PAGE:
The FTC charges were filed against Wazzu Corporation, Jayme Amirie, Kenneth Gharib and Kirk Waldfogel of Fountain Valley, CA; Shared Network Services, LLC and Peter Westbrook, d/b/a 1st Page in Lodi, CA; and WebViper, LLC, Tigerhawk, LLC, Thomas J. Counts, Patrick C. Taylor, and Richard M. Bogdanas, individually and d/b/a Yellow Web Services. All Web Viper corporate and individual defendants are based in Montgomery, AL, except Richard M. Bogdanas who resides in Chalk Lake, TX.
C. American TelNet
In a deal that would provide more than $39 million in redress for U.S. consumers, American TelNet (ATN), one of the largest providers of "audiotext" services audio entertainment services offered over the telephone has agreed to settle FTC charges that ATN tried to collect charges for 900number audiotext services from thousands of consumers, even though the services had not been accessed from the consumers' phones. The settlement also would resolve FTC allegations that ATN denied tens of thousands of consumers their rights under federal law to contest charges for ATN's 900 number audiotext services on the consumers' phone bills. In addition, the FTC alleged that ATN violated the FTC's Pay-Per-Call Rule by charging consumers for audiotext services provided through 800 or other toll-free numbers, by charging consumers for "preamble" disclosures required by law to be provided free at the beginning of a 900 number program, and by failing to adequately disclose price information in advertising 900 number services. The settlement would bar the illegal practices, require that $37.4 million in unpaid disputed charges be written off and would require $2 million in redress for consumers who disputed charges, but ultimately paid them.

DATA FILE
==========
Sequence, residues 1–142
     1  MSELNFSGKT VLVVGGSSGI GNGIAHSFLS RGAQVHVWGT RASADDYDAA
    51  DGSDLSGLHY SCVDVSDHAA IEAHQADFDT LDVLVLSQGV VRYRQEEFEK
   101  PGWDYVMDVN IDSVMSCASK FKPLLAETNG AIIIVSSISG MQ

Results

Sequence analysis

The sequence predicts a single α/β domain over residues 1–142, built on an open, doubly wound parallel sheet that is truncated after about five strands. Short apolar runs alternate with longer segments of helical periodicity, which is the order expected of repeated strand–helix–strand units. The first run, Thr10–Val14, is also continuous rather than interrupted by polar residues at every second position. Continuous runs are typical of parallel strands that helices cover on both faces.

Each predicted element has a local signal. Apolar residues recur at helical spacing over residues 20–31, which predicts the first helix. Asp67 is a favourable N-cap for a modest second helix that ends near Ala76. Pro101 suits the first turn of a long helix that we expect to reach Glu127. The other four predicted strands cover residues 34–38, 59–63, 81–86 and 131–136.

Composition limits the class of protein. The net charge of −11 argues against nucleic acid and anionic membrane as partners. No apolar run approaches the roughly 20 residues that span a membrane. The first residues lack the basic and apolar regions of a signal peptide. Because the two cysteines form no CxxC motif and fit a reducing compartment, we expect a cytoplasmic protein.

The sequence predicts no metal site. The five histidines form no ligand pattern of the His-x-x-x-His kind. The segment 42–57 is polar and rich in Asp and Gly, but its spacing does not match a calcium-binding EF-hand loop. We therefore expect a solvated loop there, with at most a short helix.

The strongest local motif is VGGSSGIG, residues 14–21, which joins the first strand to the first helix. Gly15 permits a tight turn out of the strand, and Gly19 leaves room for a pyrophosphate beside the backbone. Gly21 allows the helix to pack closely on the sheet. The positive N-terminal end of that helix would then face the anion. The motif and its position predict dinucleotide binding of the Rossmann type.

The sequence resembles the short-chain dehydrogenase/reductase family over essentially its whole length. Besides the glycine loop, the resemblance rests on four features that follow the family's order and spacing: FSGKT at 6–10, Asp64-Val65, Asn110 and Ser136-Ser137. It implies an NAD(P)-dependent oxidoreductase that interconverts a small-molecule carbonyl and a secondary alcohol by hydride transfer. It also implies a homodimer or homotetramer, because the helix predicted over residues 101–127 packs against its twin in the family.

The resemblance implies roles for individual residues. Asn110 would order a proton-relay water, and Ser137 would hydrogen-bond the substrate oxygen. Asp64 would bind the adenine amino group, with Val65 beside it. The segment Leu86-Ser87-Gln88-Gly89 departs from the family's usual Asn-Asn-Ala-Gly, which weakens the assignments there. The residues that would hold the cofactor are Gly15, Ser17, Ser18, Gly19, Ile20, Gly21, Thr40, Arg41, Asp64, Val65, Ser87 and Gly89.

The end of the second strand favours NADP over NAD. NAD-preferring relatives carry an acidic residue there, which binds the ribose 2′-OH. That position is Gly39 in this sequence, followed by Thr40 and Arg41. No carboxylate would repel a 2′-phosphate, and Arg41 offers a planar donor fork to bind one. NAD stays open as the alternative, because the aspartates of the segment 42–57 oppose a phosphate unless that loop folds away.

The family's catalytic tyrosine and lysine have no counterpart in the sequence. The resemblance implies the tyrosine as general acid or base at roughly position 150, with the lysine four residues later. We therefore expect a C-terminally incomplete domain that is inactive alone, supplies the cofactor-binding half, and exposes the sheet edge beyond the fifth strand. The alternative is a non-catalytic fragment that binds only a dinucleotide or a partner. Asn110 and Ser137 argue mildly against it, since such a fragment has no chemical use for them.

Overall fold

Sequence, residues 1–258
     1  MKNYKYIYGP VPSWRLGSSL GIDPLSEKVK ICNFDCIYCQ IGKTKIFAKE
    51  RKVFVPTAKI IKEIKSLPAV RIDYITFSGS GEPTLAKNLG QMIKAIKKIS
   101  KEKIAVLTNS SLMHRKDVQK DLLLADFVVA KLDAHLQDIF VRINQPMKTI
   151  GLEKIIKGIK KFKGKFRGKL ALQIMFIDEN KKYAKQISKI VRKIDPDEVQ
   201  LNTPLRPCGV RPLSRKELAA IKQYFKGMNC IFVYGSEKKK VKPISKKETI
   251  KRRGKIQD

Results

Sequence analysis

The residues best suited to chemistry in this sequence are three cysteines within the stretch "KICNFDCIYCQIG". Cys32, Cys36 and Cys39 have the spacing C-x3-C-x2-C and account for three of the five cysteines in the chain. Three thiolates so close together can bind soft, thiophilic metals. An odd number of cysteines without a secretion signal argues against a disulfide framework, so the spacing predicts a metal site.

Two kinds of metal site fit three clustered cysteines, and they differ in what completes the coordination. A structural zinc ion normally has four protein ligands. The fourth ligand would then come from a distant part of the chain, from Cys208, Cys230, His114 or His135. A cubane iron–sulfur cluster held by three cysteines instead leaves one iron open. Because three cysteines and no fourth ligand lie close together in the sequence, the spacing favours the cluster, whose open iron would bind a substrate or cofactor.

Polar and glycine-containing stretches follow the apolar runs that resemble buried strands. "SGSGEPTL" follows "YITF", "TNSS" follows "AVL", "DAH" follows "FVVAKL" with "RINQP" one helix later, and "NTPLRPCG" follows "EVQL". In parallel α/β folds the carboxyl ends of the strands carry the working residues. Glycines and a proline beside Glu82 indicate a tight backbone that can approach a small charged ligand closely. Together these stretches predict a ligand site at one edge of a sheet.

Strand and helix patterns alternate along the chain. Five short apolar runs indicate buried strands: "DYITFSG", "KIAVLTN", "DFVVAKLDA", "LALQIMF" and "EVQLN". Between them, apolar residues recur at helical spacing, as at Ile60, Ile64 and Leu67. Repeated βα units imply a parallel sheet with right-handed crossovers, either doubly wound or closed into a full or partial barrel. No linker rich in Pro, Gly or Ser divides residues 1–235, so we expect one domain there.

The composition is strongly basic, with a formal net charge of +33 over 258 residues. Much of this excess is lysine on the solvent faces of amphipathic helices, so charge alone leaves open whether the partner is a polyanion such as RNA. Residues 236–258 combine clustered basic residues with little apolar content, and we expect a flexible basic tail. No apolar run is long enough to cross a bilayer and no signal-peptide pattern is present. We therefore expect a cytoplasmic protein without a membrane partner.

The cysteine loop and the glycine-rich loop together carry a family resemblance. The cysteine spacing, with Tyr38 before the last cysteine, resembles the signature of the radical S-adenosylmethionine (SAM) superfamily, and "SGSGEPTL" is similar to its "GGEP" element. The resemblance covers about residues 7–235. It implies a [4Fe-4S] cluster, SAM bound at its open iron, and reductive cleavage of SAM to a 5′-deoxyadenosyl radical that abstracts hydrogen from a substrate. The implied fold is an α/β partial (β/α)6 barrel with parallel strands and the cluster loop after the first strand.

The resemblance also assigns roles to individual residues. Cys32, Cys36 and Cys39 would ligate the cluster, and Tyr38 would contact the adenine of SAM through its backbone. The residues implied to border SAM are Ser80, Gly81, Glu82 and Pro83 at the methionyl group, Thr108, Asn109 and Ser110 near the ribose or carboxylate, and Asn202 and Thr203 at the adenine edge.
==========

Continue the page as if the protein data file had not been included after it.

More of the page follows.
D. Tiger Direct, Inc.
Tiger Direct, Inc., a large mail order seller of computer products, has agreed to settle FTC charges that it made false and misleading statements in its ads and promotional materials about its onsite warranty service. The FTC alleged that Tiger Direct unqualifiedly represented that it would provide one year onsite warranty service for Tigerbrand computer systems, which it depicted in its ads as including a keyboard, speakers and a mouse, and that it would provide such warranty service within a reasonable period of time. In fact, the FTC said, the company provided onsite service only in limited circumstances and would not provide such service for the computer mouse, keyboard and speakers. Further, consumers that requested warranty service endured frustrating and lengthy delays. The FTC alleged that by disclaiming implied warranties, failing to disclose material warranty terms, and failing to clearly designate its warranty as "full" or "limited," Tiger Direct violated provisions of the Magnuson-Moss Warranty Act, and the FTC's Pre-Sale Availability Rule and the Disclosure Rule. The proposed settlement would prohibit Tiger Direct from misrepresenting the terms and conditions of its onsite warranty and require it to comply with the relevant provisions of the Warranty Act, the Disclosure Rule, and the PreSale Availability Rule.
Tiger Direct, based in Miami, Florida, advertises, sells and distributes computer products, including hardware, software, and accessories, in catalogs, magazines, package inserts, by direct mail, and on the Internet. Tiger Direct sells brand name computer products such as Compaq, Hitachi and Toshiba as well as its own "Tiger" brand. Its ads and promotional materials contained statements such as "ONE YEAR ONSITE WARRANTY!" for its Tigerbrand computer "complete systems."
E. Fraudulent Domain Names
As many as 13,000 consumers in at least nine countries who were duped by a copycat Internet domain name registry will qualify for refunds under an agreement announced by Australian and U.S. consumer protection agencies. The FTC targeted the Internet domain name scam being operated out of Australia, and alerted Australian Competition and Commission ("ACCC") authorities, who charged the company and its principal with misleading and deceptive conduct. The case has been settled by the ACCC with the establishment of a trust fund, which will return $A250,000 to victims worldwide and bar the defendant from using the name "Internic."